42. Overall members acknowledged that there was potential for observers to make adverse comments or to distort members’ views. However, members agreed that the protocol used by the COT for holding meetings in open session could also be used by the COM and that in principle, future COM meetings could be held in open session. Members were also content for an appendix summarising the protocol, produced in conjunction with the COC and COT to be added to the Code of Practice on Openness prior to its publication in the 2004 Annual Report.


43. The Committee was informed that the web address for DH advisory Committees would be changing. Members would be informed of the changes in due course. It was noted that ‘doh’ in the URL would be replaced with ‘dh’.


44. Date of next meeting Thursday, 27 May 2004.



45. In 2001 the Home Office requested advice from the COT on the health effects of a chemical incapacitant spray based on pelargonyl vanillylamide (PAVA), a synthetic equivalent of capsaicin, present in pepper. It is a sensory stimulant and is also used both as a food flavour (at up to 10 ppm) and as a topical rubifaciant in human medicine. The COT requested the advice of the COM on a package of mutagenicity data that had been commissioned by Sussex Police to support the health risk assessment of PAVA. The COM considered these mutagenicity data at its meeting in February 2002. The COM agreed that some further reassurance was necessary, in addition to the negative in vivo bone marrow micronucleus tests that had already been conducted. The Committee requested an in vivo liver UDS assay to provide this necessary reassurance.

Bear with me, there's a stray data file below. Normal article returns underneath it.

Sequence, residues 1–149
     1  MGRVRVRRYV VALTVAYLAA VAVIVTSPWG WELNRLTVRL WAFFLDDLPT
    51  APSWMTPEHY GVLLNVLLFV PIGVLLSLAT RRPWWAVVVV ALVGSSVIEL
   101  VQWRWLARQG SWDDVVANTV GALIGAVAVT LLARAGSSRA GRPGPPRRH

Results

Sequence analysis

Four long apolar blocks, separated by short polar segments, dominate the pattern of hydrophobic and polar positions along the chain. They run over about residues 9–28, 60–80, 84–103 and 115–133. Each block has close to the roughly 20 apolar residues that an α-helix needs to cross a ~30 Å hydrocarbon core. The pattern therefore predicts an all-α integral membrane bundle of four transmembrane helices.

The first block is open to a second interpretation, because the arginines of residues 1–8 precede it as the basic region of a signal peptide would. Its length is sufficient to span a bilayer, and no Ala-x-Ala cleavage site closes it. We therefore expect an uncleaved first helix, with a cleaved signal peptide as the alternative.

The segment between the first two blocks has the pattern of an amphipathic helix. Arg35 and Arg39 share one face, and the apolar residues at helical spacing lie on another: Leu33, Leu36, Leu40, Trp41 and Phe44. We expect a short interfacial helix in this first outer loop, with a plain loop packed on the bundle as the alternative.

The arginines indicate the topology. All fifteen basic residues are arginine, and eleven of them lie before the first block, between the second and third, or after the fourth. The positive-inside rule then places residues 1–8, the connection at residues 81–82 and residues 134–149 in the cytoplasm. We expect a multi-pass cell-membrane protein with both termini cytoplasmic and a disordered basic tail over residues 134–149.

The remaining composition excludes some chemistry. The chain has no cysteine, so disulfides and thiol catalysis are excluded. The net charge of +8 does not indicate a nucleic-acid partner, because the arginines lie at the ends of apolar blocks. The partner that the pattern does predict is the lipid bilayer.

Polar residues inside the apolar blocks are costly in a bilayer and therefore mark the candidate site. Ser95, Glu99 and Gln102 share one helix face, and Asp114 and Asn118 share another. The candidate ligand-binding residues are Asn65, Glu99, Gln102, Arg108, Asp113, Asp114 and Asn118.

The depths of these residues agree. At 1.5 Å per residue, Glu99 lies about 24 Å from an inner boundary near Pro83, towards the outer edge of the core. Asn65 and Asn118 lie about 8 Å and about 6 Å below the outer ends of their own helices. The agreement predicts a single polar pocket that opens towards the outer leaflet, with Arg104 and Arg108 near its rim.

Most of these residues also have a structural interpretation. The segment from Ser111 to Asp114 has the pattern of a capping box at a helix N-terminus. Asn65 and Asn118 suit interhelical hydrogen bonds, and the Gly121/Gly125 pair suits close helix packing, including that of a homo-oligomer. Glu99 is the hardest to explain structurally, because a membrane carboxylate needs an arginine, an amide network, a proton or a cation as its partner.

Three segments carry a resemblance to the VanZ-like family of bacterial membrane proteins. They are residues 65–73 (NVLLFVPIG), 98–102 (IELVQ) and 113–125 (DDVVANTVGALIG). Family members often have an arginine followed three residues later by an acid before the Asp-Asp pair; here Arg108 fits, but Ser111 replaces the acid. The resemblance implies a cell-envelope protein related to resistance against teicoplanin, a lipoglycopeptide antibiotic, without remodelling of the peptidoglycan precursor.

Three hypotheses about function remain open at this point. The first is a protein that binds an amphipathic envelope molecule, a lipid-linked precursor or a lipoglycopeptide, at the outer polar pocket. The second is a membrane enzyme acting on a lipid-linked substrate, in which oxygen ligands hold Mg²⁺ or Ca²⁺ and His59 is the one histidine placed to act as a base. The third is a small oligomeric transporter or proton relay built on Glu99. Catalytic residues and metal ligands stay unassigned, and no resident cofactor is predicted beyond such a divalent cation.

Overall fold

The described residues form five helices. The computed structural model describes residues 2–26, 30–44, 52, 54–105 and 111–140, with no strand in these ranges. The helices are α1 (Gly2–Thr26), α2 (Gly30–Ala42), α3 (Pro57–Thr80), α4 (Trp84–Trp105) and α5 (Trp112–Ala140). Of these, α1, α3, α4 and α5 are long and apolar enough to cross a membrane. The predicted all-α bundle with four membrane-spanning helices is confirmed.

46. Sussex Police commissioned the requested study and a full report was provided in Annex B. An in vivo liver UDS assay was carried out in rats using oral exposure and dose levels of 625 and 1250 mg/kg body weight. The top dose was the maximum tolerated dose, as determined from a range-finding toxicity study.

47. Members agreed that the study conformed to the relevant OECD test guideline (OECD Guideline No. 486: UDS test with mammalian liver cells in vivo) and was adequate. 1,2- Dimethylhydrazine dihydrochloride was used as the positive control. There was no evidence of the induction of DNA repair by PAVA, as measured by unscheduled DNA synthesis in this assay. The positive control clearly induced DNA damage at both time points.

48. The COM agreed that the information sought by the Committee to conclude that PAVA was not expected to be an in-vivo mutagen had now been provided. No further data were required on the mutagenicity of this compound.

49. These conclusions will be incorporated in the overall conclusions drawn by the COT when they consider new toxicity data on PAVA (relating to sensitisation and developmental toxicity) later this year.



Item Action Who
3. Mutagenicity of chromium picolinate
Reconsider draft statement when new in vitro data submitted
5. 2,3-Dichloropropan-2-ol Draft statement Secretariat
6. Toxicogenomics Inform COC/COT of COM views Secretariat
7. Low dose genotoxic carcinogens Prepare paper for May

DH Tox Unit/secretariat

8. OECD Guidelines on in-vitro micronucleus test Write to OECD group on COM view Secretariat
10. Holding committee meetings in open session
Revise protocol Secretariat